From an obscure Tumblr page, Harley Weir rose to become the UK fashion industry’s most in-demand young photographer. How did she do it?

Olga Matveeva was living in Crimea and deeply in love when the war began. As Russian troops rolled in, her relationship disintegrated. She used her camera as a diary "trying to raise one question - how could this happen?”

New York's Studio 54 opened in 1977, closed in 1981, and is now remembered as the most glamorous nightclub in history. Tod Papageorge took 1500 photographs of the Big Apple's beau monde. They're available now, for the first time.

What can we learn from the violent death of Eric Garner? Ashley Clark reflects on the relationship between civic photojournalism and institutional racism.

Eric Garner

As Eric Garner choked to death on a street in New York, his friend Ramsey Orta took out his camera phone. Now in jail on drug charges, Orta's simple act of documentary sparked global protests. Ciaran Thapar reports.

Tim Matsui's The Long Night remind us that sex trafficking doesn't purely exist on the fringes of society. After winning World Press Photo's best feature documentary, Matsui talks to Guy Bolton

For Paul Kooiker, photography and voyeurism are inextricably linked and the camera is a guilty look through the keyhole, writes Taco Hidde Bakker.

When Jiehao Su was 18, he lost his mother. He set out on a nomadic journey across China, an exploration of self, and of a country in the throes of change. Lowenna Waters reports.

Our search for the world’s most talented students and recent graduates. Win an exhibition and international exposure.

Cooling Tower, Rheim-Moers, Germany, 1963

Hilla Becher, the godmother of architectural photography, recounts her extraordinary career in an exclusive interview with BJP

Gered Mankowitz © Bowstir Ltd. 2015/

Still high, Gered Mankowitz climbed Primrose Hill with The Rolling Stones after an all night recording session. His image became the cover of Taschen's new photography retrospective of the iconic British band

Werner Amann's Surf Fiction is a melting pot of Los Angeles' pop and comic book culture, blurring the boundaries between fact and fiction

On the release of Does Yellow Run Forever? - "an intimate, personal photo series" - Paul Graham talks to Gerry Badger exclusively for BJP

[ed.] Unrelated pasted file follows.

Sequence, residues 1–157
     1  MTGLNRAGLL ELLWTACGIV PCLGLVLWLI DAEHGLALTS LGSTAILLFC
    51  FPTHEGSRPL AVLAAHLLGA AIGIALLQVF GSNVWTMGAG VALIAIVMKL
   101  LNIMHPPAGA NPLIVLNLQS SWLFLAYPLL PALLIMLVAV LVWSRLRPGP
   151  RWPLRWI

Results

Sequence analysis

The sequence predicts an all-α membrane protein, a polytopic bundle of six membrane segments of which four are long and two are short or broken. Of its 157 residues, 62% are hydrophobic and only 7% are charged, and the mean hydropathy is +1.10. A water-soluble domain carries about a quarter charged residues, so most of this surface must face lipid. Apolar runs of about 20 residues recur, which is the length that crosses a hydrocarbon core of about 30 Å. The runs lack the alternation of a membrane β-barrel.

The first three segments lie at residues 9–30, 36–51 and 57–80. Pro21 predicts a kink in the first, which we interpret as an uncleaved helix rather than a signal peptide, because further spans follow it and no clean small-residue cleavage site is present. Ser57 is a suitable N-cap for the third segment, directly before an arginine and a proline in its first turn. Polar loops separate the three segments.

Raised by an often absent, hard-working mum, Bara Prasilova knows nothing of a conventional childhood. Evolve, the series that won her a Hasselblad Master, examines the fragile threads that bind people to one another, finds Donatella Montrone

Image © Jamey Stillings from the series From Changing Perspectives: Energy in the American West

The winners of this year’s Sygenta award - on the theme of Scarcity-Waste - are currently on show at Somerset House in London. Rachel Segal Hamilton reviews the exhibition.

Emine Gozde Sevim spent sixteen months capturing the revolution and its bloody aftermath in Egypt, in a series to be turned into a photobook by German publisher Kehrer Verlag this summer

 “Rush slowly”, a quote from Josef Sudek, is something of a mantra for Ken Grant, the Liverpool native who, over a 20 year career, has worked ceaselessly. Now his time has come, writes his former pupil Colin Pantall

VIDEO: When Phil Toledano was six, his sister died. His family never talked of her again. But when his parents died, they left a box of her belongings. This is what he found.

First Place - Harish Chavda - United Kingdom

Dwain Chambers' redemptive moment, when the British sprinter won the right to compete in the 2012 Olympic Games, secured photographer Harish Chavda top stop in HIPA's general category

First Place - Rudoi Vladimirovich - Russian Federation

A teenage girl from a remote region of Russia helped Rudoi Vladimirovich win first prize in HIPA's Faces category